PANDAS is included in the larger umbrella of PANS, Pediatric Acute-onset Neuropsychiatric Syndrome. PANS includes not only PANDAS, but also diagnoses such as Lyme disease, OCD and ODD.

In addition, it is very common for younger siblings of children diagnosed with autism, ADD/ADHD or Sensory Processing Disorder to be diagnosed themselves with PANS and PANDAS.

If this is the case, consider that your older child may have PANS PANDAS as well.

In many cases, these children have both a PANDAS diagnosis as well as that of Lyme disease.

Autoimmune Encephalitis

Another way to think of PANS PANDAS, as well as any neurodevelopmental disorder such as autism, ADD/ADHD, Sensory Processing Disorder and even learning disabilities, is that these disorders may fall under the larger umbrella of autoimmune encephalitis (AE).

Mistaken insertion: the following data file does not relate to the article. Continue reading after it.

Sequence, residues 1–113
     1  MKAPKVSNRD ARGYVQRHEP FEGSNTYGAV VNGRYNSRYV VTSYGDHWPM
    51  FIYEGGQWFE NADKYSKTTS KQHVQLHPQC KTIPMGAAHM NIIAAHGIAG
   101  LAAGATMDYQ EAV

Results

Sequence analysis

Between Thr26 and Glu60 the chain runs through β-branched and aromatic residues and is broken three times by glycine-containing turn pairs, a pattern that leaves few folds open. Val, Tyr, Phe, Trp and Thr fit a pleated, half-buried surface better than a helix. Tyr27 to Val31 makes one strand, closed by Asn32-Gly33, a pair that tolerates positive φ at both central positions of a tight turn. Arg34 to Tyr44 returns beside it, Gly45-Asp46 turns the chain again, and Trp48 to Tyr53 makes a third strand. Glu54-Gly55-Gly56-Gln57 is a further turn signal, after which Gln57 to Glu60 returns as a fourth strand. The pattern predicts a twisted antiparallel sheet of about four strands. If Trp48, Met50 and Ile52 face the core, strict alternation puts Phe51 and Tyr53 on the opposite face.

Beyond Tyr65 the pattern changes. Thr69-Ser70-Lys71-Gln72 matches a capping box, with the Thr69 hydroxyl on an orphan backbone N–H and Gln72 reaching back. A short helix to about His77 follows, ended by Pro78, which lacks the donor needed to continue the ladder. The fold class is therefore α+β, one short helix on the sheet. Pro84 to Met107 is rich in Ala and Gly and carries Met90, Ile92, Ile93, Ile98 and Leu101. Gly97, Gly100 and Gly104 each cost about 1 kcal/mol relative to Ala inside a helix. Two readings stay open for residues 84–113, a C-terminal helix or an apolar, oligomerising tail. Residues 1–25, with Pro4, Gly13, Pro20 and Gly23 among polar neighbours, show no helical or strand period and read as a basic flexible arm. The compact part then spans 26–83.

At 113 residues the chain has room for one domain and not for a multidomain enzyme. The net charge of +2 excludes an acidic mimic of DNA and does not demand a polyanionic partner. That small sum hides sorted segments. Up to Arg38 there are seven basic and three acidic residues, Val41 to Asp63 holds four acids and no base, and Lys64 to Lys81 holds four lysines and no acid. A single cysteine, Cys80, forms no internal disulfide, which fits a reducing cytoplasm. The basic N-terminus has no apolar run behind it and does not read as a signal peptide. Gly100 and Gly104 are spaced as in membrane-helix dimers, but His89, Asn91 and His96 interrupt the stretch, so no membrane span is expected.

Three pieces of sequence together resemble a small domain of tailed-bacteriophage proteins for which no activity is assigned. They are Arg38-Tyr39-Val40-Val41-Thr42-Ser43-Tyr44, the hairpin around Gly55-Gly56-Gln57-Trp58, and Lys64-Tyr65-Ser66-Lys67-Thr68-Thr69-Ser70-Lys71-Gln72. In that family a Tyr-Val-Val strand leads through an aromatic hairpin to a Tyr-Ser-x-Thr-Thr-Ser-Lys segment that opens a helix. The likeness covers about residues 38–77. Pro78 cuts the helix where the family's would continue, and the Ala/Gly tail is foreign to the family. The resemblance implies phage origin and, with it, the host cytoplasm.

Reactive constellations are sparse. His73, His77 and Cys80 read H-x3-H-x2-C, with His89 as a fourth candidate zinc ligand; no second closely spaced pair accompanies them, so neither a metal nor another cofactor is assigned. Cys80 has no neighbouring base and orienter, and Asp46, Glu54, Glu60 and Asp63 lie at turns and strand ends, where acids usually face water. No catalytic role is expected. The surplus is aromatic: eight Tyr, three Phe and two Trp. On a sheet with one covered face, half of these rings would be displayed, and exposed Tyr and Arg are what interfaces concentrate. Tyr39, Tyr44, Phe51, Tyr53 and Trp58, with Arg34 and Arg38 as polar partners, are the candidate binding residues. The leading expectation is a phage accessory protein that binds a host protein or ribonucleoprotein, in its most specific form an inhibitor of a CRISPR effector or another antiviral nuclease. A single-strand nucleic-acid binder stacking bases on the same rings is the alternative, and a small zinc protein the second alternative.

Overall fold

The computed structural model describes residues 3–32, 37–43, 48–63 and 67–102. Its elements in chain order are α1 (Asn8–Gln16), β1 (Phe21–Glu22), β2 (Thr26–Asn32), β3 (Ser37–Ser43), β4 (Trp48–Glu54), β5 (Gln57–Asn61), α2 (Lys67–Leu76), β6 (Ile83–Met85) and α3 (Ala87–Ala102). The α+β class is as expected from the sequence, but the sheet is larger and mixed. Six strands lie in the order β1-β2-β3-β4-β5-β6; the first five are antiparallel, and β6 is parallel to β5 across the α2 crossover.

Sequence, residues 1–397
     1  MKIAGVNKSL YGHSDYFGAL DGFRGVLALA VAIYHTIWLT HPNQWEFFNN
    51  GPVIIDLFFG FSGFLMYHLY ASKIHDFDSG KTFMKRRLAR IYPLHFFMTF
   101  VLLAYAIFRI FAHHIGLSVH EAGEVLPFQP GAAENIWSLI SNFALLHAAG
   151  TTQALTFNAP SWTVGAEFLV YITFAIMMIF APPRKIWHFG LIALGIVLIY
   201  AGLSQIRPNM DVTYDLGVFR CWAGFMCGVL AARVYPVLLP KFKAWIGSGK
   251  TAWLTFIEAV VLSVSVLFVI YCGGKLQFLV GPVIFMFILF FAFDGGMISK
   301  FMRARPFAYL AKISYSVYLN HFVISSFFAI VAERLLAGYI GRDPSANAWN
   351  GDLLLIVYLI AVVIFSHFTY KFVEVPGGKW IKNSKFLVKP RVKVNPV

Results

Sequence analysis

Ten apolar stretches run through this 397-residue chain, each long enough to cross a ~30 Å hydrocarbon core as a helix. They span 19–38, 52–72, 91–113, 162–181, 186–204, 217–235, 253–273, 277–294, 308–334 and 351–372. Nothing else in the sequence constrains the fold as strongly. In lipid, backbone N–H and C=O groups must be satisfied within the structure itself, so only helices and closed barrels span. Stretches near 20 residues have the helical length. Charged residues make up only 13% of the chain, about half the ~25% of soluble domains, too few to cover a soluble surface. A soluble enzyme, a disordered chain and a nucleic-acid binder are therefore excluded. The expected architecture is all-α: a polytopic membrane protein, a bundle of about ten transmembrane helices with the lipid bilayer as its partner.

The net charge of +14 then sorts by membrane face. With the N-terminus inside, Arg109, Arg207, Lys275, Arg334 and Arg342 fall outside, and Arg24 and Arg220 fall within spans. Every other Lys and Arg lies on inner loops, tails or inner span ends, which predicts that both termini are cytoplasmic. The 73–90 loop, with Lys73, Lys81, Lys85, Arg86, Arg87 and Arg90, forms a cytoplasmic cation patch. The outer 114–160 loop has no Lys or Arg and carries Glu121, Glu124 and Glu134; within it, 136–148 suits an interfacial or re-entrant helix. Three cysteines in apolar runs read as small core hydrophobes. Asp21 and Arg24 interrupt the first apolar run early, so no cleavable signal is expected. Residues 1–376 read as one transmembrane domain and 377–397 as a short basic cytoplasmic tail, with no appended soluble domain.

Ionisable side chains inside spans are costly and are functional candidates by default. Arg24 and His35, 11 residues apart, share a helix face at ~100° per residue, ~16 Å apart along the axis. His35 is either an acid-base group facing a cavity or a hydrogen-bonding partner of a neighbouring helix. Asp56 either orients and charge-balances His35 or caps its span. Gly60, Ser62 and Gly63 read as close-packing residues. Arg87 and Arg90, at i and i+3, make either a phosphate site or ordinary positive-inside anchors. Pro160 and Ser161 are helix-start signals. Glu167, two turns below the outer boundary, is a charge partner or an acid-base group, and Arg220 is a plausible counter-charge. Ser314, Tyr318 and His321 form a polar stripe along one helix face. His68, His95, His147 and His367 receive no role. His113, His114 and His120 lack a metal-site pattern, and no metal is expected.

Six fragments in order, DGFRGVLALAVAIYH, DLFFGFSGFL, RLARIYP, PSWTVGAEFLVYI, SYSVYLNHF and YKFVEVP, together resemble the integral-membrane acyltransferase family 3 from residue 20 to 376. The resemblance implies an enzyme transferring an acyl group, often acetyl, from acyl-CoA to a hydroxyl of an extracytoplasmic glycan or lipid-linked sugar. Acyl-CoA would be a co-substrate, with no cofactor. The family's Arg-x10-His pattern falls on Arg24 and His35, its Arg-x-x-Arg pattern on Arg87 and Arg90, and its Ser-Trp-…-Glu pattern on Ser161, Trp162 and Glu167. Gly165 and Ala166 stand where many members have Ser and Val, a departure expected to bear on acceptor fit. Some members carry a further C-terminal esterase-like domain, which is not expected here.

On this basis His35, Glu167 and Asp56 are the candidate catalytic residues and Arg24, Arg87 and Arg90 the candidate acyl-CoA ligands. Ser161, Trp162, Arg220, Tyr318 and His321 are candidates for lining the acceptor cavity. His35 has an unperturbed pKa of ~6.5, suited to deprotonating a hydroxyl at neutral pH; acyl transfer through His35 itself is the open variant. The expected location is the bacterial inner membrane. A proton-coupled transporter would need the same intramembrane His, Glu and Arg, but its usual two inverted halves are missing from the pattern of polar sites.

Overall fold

Autoimmune encephalitis is a disorder in which the immune system attacks the brain, impairing function.

Encephalitis is inflammation and swelling of the brain, often due to infection, which in many of these cases causes an autoimmune attack on the microglia cells of the brain.

A child with this type of damage may typically never have or may lose motor skills and/or the ability to speak, similar to an adult who has had a stroke.

Encephalitis is a common symptom of this type of damage, and it often shows up as an increase in the child’s head-circumference percentile, especially in the first year of life.

The prestigious science journal Nature pointed this out by stating that “brain volume overgrowth was linked to the emergence and severity of autistic social deficits.”

Anti-NDMA Receptor Encephalitis